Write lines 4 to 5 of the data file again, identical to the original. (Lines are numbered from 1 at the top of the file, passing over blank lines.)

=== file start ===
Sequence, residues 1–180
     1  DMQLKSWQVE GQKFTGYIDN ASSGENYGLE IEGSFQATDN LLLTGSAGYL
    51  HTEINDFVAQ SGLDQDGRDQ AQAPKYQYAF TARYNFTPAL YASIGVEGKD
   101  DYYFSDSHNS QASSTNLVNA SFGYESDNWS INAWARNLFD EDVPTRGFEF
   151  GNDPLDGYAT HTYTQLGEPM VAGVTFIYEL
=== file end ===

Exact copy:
   101  DYYFSDSHNS QASSTNLVNA SFGYESDNWS INAWARNLFD EDVPTRGFEF
   151  GNDPLDGYAT HTYTQLGEPM VAGVTFIYEL